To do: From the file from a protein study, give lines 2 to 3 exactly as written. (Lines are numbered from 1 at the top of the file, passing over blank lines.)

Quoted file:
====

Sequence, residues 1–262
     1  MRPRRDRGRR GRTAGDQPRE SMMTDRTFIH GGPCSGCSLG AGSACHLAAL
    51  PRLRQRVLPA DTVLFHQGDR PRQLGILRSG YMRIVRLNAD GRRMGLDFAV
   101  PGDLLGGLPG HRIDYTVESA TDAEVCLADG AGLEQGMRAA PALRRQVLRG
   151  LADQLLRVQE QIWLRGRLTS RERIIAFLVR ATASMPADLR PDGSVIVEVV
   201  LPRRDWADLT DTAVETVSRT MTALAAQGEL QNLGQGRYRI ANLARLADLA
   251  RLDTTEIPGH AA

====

     1  MRPRRDRGRR GRTAGDQPRE SMMTDRTFIH GGPCSGCSLG AGSACHLAAL
    51  PRLRQRVLPA DTVLFHQGDR PRQLGILRSG YMRIVRLNAD GRRMGLDFAV